Army of Two #1
by Peter Milligan, Dexter Soy and Jose Marzan Jr.
I’ve read great Peter Milligan comics and I’ve read horrible Peter Milligan comics. This, however, falls in neither category. That’s because this could have been written by anybody. There’s nothing unique or interesting about it. It betrays none of Milligan’s stylistic quirks or themes, and the art by Soy and Marzan merely serves to underscore how thoroughly and depressingly inane this spin-off of a somewhat popular video game franchise is. I suppose there’s the off chance this is intended to be some sort of satire, but if so it misses the mark sharply, not to mention the fact that others (most notably Kyle Baker) have done that sort of thing better. No, there’s no nice way to say it: This is hackwork, pure and simple, from someone who is capable of much, much better, and the fact that it’s a tie-in product to a video game doesn’t really excuse its shabbiness.
More reviews after the jump …
Welcome to another round of What Are You Reading. Our guest this week is scholar, author and Comics Reporter columnist Bart Beaty, whose translation (along with Nick Nguyen) of Of Comics and Men: A Cultural History of American Comic Books by Jean-Paul Gabilliet of the University of Bordeaux just came out this week via the University Press of Mississippi.
Click on the link to find out what Mr. Beaty and the rest of us are reading this week, and then let us know what’s on your plate in the comments section.
• Abhay Khosla wraps up his five-part series on the recent Blue Beetle run over at Savage Critics, and asks questions that perhaps cannot be answered:
Looking back, the list of nerdy crap that I have been a dorky spazz-wad for is very, very long– but why does that stuff work on me? What does all that dopey shit have in common? Is there a grand unified field theory of dorkism that can explain why certain ideas, images, idiocies, why they’re capable of burrowing under the skins of sloppy nerds such as myself? And can that theory explain why that material consumes not just my attention, but more and more attention globally at a time when attention is such a precious commodity?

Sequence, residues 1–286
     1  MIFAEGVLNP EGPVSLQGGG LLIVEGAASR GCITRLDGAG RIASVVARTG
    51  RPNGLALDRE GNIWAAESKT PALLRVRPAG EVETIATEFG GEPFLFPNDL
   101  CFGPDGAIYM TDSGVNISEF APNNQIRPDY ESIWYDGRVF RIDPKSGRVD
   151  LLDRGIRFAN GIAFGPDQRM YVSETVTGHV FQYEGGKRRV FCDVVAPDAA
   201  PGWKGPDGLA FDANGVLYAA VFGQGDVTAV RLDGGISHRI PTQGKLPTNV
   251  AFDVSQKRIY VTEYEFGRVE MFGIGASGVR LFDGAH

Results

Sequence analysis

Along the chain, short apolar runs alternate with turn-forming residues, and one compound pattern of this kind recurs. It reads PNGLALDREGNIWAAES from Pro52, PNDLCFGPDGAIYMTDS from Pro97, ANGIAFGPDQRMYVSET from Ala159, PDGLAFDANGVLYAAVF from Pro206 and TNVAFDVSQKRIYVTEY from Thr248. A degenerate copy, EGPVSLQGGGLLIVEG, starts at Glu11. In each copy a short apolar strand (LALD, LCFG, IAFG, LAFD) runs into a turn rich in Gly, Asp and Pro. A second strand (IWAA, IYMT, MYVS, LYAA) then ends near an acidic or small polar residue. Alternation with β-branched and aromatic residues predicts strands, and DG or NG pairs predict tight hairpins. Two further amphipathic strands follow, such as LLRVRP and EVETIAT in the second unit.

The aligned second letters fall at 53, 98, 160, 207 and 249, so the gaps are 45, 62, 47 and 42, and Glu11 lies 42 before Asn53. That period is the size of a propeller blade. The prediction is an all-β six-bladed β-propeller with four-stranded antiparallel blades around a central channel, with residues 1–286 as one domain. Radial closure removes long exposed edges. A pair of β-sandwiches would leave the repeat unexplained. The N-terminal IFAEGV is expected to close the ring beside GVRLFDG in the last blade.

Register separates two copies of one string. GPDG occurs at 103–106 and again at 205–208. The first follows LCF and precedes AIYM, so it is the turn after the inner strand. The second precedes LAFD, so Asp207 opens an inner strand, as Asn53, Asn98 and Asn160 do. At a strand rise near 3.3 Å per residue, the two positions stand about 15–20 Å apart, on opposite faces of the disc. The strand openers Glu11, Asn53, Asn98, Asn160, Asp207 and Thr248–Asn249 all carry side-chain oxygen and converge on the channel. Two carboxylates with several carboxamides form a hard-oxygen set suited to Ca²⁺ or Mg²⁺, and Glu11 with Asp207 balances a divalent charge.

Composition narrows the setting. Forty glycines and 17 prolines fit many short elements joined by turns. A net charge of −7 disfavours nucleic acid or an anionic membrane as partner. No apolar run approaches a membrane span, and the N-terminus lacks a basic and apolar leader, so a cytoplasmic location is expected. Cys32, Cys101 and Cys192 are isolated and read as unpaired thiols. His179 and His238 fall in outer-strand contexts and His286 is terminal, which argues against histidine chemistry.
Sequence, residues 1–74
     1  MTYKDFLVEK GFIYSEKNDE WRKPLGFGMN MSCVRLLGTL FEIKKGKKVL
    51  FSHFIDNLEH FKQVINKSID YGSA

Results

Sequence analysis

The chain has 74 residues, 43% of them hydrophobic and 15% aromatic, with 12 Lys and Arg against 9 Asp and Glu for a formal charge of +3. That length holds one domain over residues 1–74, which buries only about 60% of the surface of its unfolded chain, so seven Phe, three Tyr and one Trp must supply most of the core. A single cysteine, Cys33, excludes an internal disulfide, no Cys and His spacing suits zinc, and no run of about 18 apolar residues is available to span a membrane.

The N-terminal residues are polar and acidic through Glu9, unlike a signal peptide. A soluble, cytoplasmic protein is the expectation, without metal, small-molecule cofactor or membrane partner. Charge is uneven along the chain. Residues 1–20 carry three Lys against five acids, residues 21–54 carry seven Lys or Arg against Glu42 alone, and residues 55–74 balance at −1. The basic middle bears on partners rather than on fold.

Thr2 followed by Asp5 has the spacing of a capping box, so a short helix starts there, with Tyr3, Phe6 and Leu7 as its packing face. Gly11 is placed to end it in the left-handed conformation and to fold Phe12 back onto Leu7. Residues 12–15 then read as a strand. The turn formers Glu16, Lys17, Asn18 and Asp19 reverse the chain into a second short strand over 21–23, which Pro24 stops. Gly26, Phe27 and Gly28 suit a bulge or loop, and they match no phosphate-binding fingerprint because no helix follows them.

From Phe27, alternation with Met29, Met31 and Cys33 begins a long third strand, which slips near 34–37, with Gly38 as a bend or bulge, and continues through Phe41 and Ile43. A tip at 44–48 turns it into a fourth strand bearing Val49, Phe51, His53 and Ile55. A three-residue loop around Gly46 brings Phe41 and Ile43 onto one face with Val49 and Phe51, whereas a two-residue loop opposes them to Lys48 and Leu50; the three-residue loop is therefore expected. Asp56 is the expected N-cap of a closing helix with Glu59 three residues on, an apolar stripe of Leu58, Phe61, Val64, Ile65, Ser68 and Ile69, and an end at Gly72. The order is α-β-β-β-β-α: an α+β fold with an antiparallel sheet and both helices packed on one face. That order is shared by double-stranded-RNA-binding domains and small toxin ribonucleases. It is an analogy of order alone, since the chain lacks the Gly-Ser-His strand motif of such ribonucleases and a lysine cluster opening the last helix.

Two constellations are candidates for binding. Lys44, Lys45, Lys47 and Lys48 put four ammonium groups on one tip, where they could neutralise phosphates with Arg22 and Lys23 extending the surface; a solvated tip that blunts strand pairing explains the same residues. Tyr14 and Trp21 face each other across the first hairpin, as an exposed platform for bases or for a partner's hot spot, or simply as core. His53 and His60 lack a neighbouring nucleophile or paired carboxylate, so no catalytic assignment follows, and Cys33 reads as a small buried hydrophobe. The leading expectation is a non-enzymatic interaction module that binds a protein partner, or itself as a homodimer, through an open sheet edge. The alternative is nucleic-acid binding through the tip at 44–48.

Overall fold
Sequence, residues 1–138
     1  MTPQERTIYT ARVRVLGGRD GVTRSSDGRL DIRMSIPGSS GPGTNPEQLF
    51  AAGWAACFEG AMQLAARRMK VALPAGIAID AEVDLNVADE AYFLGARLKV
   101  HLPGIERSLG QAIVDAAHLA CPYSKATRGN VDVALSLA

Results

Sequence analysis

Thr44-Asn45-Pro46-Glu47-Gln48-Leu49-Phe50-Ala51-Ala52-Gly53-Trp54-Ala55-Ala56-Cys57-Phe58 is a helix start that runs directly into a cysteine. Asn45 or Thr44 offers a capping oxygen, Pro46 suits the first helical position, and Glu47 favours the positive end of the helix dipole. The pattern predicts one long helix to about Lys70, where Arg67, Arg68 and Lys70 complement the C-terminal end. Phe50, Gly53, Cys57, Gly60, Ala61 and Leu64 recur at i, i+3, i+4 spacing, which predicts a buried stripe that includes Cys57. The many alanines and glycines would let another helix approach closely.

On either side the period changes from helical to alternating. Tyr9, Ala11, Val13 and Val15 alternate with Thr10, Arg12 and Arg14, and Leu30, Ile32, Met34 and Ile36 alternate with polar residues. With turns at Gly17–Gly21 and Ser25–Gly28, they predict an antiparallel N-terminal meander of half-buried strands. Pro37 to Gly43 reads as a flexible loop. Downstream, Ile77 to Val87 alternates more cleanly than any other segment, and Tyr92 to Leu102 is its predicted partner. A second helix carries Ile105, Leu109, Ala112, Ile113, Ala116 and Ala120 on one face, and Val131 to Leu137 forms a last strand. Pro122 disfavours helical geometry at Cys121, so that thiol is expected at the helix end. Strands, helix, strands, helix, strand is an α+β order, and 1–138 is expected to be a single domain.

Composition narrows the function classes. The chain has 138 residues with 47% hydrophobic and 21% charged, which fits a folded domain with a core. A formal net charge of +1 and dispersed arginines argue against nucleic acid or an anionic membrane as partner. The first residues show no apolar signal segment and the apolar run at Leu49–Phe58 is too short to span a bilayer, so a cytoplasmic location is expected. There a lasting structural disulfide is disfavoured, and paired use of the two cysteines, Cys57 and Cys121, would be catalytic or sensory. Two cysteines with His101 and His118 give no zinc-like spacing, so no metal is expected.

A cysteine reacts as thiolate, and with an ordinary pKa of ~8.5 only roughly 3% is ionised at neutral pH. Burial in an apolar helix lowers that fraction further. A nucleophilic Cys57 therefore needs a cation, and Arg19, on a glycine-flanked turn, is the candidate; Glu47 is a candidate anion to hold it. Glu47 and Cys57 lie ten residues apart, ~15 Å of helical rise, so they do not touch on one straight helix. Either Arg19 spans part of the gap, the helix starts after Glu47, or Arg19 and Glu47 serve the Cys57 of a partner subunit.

• Speaking of The Comics Journal, here are a few links of note: Steven Grant derides the Spirit Pop-Up Book; Robert Stanley Martin reviews David B’s Nocturnal Conspiracies; and some idiot blathers on and on about Pluto and 20th Century Boys. Under what rock did they find that moron?
Moyasimon Vol. 1: Tales of Agriculture
by Masayuki Ishikawa
Del Rey, 240 pages, $10.99
When I heard the basic gimmick for Moyasimon — incoming college student has the ability to see germs — a number of possible scenarios ran through my head. None of them, however, involved a professor sucking out the innards of a dead bird through its anus after the bird had been sealed up in the stomach of an equally dead seal that had been buried under the ground for several weeks. Nor did they involve the main character having his hand stuck up a cow’s anus with everyone watching (he does wear gloves) for several panels.
Having had Thought Ballonists’ Craig Fischer over as our WAYR guest the other week, it seemed more than appropriate to invite his blogging colleague, scholar, educator, critic, author and all-around nice guy Charles Hatfield.
Find out what Mr. Hatfield is reading and see some embarrassingly complimentary birthday greetings about yours truly by clicking on the link below. And don’t forget to tell us your own reading picks in the comments section.
Welcome to Shelf Porn. Our guest this week is blogger and manga fan Cathy Pajunen. Cathy had posted some pics of her collection on her blog, so I asked her if she’d be interested in doing an expanded tour of her collection for Robot 6. Thankfully, she said yes.
Remember that we’re also on the lookout for holiday-themed shelf porn this month. If you’ve got some swell DC or Marvel tree ornaments, or a Naruto-themed creche, take a pic or two and send them to cmautnerATcomcastDOTnet and we’ll post them here in the coming weeks.
And now, on with the tour: